Drugs Q & A

Can You Take An Expired NyQuil?

What Is NyQuil?

NyQuil is a popular over-the-counter medication that treats the symptoms of the flu, the common cold, and other similar illnesses and allergies. It is manufactured and sold by Vicks, a U.S. medicine company. NyQuil provides temporary relief for coughing, headaches, stuffy and runny nose, sore throat, fever, and sneezing. It also helps people with cold symptoms sleep through the night. While it provides relief for cold symptoms, it is not a cure for the common cold or the flu. NyQuil is generally safe and effective for adults and children over the age of 6.

What are the ingredients in NyQuil?

There are many different types of NyQuil products on the pharmacy shelves and it may be confusing to know how long each last. One of the most common NyQuil products is NyQuil Cold and Flu Nighttime Relief Liquid.

There are three common active ingredients in NyQuil namely:

•          Acetaminophen: is an analgesic that relieves pain and lowers fever by stopping the production of certain chemicals in the brain that causes both pain and fever.

•          Dextromethorphan: is a cough suppressant that works in the part of your brain that makes you cough, calming it down and telling your body to cough less.

•          Doxylamine: is an antihistamine that works by blocking histamine, a natural chemical in your body that causes congestion, sneezing, and wakefulness.

Does Nyquil Expire?

Yes, Nyquil can expire. An expiration date is a date after which a consumable product such as food or medicine should not be used because it may be spoiled, damaged, or ineffective. Expiration dates are especially important for medications because they offer the only indication about whether the product is still safe to use.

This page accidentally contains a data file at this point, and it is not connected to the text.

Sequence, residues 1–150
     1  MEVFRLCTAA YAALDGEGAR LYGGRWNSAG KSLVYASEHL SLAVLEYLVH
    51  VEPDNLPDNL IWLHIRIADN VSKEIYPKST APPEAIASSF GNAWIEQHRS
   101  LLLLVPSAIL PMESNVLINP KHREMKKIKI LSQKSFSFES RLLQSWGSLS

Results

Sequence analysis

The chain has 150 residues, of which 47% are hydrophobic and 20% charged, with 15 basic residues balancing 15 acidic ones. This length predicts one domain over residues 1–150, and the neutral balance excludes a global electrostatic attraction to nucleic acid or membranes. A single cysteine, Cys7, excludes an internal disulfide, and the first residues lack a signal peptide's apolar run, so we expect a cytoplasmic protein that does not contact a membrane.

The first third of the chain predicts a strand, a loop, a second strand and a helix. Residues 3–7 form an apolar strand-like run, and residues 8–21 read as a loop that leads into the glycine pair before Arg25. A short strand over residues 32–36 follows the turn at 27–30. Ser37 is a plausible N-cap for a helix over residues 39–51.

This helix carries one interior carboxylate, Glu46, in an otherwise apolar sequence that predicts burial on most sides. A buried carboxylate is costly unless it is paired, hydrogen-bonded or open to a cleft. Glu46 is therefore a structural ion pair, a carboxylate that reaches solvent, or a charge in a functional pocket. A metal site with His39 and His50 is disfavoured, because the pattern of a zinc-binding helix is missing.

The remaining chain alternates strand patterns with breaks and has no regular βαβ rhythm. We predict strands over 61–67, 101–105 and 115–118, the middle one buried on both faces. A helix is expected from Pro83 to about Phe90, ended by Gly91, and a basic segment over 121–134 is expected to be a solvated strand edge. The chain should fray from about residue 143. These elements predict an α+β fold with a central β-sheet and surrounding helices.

In the late 1970s, the United States Food and Drug Administration (FDA) mandated that all prescription and over-the-counter (OTC) medical products contain an expiration date. Expiration dates for medicines are often marked “EXP” and are printed on the label or stamped onto the medicine bottle or box.

You can easily determine your Nyquil expiration date by lot number or by simply looking at the bottle for the expiration date inscribed on it.

Can you take expired Nyquil?

No, expired Nyquil can hurt you because it is less effective and risky due to a change in chemical composition or a decrease in strength. The expiration date is the final day that the manufacturer guarantees the full potency and safety of a medication.

Drug expiration dates exist on most medication labels, including prescription, over-the-counter (OTC), and dietary (herbal) supplements. U.S. pharmaceutical manufacturers are required by law to place expiration dates on prescription products prior to marketing.

What happens if I drink expired Nyquil?

Expired medications are sub-potent, an expired Nyquil can fail to treat symptoms of the flu, common cold, similar illnesses, and allergies, leading to more serious illnesses. Once the expiration date has passed (usually two to three years after the date of manufacture) there is no guarantee that the medicine will be safe and effective.

If your Nyquil has expired, do not use it. Even though some controversial studies indicate that some drugs can be used after expiry dates, it is better to err on the side of caution in order not to complicate your health condition or trigger unwanted adverse effects

What are the side effects of taking NyQuil?